Virginia Tech® home

February 6, 2023: Bharathram Ganapathisubramani

February 6, 2023
9:15 a.m.
Room: 310 Kelly Hall
Bharathram Ganapahisubramani, University of Southhampton
Faculty Host: Dr. William Devenport

"Rough makes going tough!  Turbulent flows over rough surfaces"

Abstract:  Turbulent flows over rough surfaces are ubiquitous in engineering/natural systems and their impact on these systems cannot be understated. On one hand, roughness is responsible for over 90% of the skin-friction drag in shipping applications and therefore a major source of inefficiency. On the other hand, roughness can improve mixing efficiency or thermal characteristics leading to better performance of heat exchangers, combustors etc. Despite its significance, we are unable to reliably predict the influence of roughness on turbulent flows. The development of new ways to predict and harness the influence of rough walls could be a major pathway to realizing some of our Net Zero goals. In most flow applications, surface roughness can be characterized as homogeneous or heterogeneous roughness based on the scale(s) of spatial variations of the roughness relative to the length scales of the flow developing over them. In this talk, I will present work carried out in our group to understand the effects of spatial characteristics of roughness on turbulent boundary layers. I will start with the experimental work performed over different types of homogeneous rough surfaces such as bio-fouled ship hulls, commercially available surfaces, and urban-type roughness. I will elaborate on how we can develop “surface-specific” Moody diagrams that can predict the drag incurred by such surfaces. I will then discuss the effects of surface roughness heterogeneity and its influence on the characteristics of the turbulent flow over it. The focus will specifically be on spanwise heterogeneity where we have examined the impact of different topographical heterogeneities (from smooth ridges to multiscale roughness) on wall-turbulence. Results including flow topology, skin-friction drag variations as well as preliminary attempts at modelling the flow over these heterogeneous surfaces will be presented. I will conclude with an outlook towards developing data-driven predictions of turbulent flows over rough surfaces.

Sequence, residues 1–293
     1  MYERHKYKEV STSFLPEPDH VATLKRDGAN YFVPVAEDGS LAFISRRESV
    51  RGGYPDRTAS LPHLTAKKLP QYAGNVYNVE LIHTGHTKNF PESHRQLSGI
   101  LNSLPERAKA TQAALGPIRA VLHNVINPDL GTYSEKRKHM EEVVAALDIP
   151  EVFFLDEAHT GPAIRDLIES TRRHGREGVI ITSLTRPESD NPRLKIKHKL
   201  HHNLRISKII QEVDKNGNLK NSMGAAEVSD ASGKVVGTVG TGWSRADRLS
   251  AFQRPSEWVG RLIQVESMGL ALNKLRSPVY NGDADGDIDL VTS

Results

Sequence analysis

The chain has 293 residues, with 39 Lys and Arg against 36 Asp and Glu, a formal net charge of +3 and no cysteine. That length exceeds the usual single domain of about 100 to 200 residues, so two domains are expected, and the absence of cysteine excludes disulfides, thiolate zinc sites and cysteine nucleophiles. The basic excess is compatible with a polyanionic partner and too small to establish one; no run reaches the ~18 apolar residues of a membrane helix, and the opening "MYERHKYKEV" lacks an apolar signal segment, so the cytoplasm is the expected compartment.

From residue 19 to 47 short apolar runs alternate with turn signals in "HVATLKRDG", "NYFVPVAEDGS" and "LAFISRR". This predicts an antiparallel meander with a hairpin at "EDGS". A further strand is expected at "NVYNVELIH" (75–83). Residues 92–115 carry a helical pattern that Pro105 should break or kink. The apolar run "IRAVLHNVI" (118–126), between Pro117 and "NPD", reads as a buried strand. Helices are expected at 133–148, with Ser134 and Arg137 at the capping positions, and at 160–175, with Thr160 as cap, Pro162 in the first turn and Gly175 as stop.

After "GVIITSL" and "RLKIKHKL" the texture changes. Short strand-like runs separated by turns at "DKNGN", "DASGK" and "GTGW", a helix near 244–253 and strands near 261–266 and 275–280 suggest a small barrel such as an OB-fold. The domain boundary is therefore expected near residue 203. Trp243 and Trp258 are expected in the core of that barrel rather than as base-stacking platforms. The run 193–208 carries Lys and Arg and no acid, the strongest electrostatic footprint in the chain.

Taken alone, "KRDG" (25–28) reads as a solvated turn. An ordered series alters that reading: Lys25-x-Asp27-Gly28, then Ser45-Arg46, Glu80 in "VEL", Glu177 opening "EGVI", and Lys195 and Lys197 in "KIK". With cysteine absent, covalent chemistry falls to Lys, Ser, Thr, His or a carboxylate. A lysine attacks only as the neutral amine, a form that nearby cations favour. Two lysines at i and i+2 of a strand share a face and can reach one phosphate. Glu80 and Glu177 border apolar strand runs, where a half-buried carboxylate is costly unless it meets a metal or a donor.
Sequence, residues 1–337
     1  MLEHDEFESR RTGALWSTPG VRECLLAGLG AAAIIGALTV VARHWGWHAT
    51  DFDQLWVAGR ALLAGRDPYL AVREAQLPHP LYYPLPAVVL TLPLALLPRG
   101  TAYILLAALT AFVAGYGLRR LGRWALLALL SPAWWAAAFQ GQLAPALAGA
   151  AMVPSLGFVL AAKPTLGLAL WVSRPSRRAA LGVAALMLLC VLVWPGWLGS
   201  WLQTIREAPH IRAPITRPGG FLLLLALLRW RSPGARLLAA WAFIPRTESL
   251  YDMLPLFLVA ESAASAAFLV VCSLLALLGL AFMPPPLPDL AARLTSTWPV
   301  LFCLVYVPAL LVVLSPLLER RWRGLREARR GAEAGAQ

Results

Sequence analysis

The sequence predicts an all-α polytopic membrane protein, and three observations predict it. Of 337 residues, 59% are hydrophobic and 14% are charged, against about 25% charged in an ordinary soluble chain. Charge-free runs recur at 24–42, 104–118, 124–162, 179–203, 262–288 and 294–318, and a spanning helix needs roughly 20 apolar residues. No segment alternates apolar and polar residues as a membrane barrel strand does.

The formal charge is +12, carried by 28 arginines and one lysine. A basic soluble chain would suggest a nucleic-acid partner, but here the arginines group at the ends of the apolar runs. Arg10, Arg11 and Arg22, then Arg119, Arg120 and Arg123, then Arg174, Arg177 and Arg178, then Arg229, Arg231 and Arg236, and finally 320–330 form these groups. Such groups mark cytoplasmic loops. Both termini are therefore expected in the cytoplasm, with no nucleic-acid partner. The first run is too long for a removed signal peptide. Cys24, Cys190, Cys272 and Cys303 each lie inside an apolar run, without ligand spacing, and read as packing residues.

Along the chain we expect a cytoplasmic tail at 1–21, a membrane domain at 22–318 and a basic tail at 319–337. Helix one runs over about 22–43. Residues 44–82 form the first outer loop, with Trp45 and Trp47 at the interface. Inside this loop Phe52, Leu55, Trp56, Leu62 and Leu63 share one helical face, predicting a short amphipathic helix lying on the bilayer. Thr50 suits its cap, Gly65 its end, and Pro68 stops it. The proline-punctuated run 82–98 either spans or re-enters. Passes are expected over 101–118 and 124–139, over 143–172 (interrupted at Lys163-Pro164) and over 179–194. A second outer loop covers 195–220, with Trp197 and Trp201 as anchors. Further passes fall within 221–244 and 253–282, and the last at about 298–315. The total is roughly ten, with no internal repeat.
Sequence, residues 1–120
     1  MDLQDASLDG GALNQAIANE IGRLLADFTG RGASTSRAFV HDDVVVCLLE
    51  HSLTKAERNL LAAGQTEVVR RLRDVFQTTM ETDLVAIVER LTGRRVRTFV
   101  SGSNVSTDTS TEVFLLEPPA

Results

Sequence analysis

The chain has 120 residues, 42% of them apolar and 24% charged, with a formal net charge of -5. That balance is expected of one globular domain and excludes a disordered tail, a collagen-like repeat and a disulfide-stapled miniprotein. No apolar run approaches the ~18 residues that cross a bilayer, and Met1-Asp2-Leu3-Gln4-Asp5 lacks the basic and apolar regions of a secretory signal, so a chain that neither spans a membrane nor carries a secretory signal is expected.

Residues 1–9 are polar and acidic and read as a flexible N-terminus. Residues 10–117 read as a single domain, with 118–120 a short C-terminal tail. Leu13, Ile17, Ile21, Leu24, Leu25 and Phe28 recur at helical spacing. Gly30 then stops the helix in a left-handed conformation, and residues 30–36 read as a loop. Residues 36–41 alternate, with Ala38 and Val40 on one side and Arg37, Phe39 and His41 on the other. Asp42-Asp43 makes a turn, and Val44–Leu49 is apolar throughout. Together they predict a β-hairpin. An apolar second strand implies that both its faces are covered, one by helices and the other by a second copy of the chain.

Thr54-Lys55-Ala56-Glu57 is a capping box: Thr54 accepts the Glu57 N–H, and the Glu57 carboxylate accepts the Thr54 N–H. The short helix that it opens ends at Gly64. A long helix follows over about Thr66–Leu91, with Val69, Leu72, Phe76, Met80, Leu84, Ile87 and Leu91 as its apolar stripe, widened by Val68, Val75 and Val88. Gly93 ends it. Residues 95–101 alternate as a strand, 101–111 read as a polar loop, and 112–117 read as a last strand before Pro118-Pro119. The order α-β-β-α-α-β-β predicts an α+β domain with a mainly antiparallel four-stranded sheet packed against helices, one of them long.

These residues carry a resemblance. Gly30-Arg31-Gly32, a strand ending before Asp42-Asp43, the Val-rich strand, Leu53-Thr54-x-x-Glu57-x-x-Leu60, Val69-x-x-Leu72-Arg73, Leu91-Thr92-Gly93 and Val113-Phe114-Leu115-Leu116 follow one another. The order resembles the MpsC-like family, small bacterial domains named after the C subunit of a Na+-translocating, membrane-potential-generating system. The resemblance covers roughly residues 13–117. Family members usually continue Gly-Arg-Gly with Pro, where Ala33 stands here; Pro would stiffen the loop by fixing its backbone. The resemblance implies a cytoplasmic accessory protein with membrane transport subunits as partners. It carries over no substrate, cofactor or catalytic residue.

Bio:  Bharath Ganapathisubramani is a Professor of Experimental Fluid Mechanics in the Department of Aeronautics and Astronautics at the University of Southampton. His research interests are in aerodynamics and propulsion relevant to transportation and energy generation. He completed his undergraduate degree in Naval Architecture and Ocean Engineering at the Indian Institute of Technology-Madras. He moved to the University of Minnesota in the US where he secured his Masters and PhD in Aerospace Engineering. He was then a postdoctoral research fellow at the University of Texas at Austin in the Centre for Aeromechanics research. He moved to the UK as a Lecturer (Assistant Professor) in the Department of Aeronautics at Imperial College London. He has been in Southampton since 2010, first as Senior Lecturer (Associate Professor) and then as a Professor. He currently serves as an Associate Editor for Experiments in Fluids and Flow. He is a Fellow of Data-Centric Engineering at the Alan Turing Institute, A Fellow of the Royal Aeronautical Society, and an Associate Fellow of AIAA.